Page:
Happy Mentoring Monday everyone! I primarily write about mentoring from the perspective of intentional discipleship. The focus of mentoring as intentional discipleship is holistic, and this practice is a necessary for the church.
Christianity Today www.smallgroups.com just released a training tool about holistic discipleship in small groups. My work is featured in an article titled, “Discipleship According to Jesus: 3 Aspects of Holistic Discipleship.” You can purchase the training tool here.
When I posted “I Go to Church with White People” on my blog, I was nervous. It was the first piece I’d written about racial issues. As an African American woman raised in the black church in South Carolina, my choice to worship at a predominantly white church was not normal. God, however, opened my eyes to the need for intentionally choosing a diverse community.
Embracing a community of faith that is diverse, trusting, and mutually submissive can humbly reveal much about God, and even more about ourselves. Diverse community can give us a clear lens to know and love God, plus help us understand our blind spots. This renewed vision compels us to love others well.
Multicultural small groups—those that are racially, ethnically, and socioeconomically diverse—can be a catalyst to help us love our neighbors because they bring us close to “the other”—people who are different from us in some way. Simple proximity to “others” is a good first step.
We truly become a united people, though, through sacred moments together as a result of prayer, study, listening, and learning. Through the fellowship and community of diverse believers, our hearts are changed and we can re-enter a diverse and changing world again and again as reconciled, transformed, and renewed people who glorify God.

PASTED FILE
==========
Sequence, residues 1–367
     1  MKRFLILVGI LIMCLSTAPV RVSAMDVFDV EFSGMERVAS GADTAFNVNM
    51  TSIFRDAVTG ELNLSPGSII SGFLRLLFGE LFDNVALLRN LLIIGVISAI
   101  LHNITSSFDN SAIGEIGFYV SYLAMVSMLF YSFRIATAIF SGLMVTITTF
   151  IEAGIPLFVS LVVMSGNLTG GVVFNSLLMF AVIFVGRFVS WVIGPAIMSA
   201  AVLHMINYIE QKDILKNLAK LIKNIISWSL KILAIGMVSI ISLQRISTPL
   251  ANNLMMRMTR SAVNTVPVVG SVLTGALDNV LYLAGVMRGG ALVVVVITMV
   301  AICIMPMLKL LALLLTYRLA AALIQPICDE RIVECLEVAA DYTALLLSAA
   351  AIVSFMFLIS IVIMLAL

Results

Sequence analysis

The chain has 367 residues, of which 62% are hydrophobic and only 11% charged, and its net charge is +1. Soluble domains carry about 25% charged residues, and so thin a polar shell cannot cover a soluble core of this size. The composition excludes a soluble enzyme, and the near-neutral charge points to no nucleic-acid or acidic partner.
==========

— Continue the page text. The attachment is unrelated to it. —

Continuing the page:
When a watching world sees true heart change, it’s a compelling witness. This change begins by drawing close to God and embracing a diverse community. The Holy Spirit changes people, and he uses changed people to miraculously change other individuals, organizations (including the church), and the world.
On Tuesday, a grand jury decided not to indict the police officer who choked an unarmed African American male, Eric Garner, to death in July. Garner was being arrested for selling cigarettes and not paying taxes. After being wrestled to the ground by several police using an unauthorized technique, Mr. Garner’s final words were, “I can’t breathe.” The cops stood around and waited as he died. This troubling scene was recorded on video.
In order to process, dialogue, and document history, advocacy, and responses to these and other important issues, many people have turned to the social media platform provided by Twitter. Twitter users employ hashtags (#) so that other users can see all the tweets related to a certain topic. In response to these incidents and more, the hashtag #BlackLivesMatter has become popular on Twitter, and it promises to be a critical tool for continuous dialogue in the future.
After the grand jury decision in Ferguson, I joined a Twitter Teach-In hosted by #Evangelicals4Justice (@Evangelicals4J). As a member of this diverse group of evangelicals, I responded to the question, “Why is it necessary to declare #BlackLivesMatter?” The theological answers were clear: Inside and outside of the womb, God cares about the senseless loss of a life (Gen 9:6); Because God demands an account for the loss of life, we must demand an answer as well (Gen 9:6); and because Black people are humans who are created in the image of God (Gen. 1:37).
During this Twitter exchange, I received a response from a white male evangelical asking, “Does that mean that other lives don’t matter? I’m tired of being discriminated against 4 being a white man.”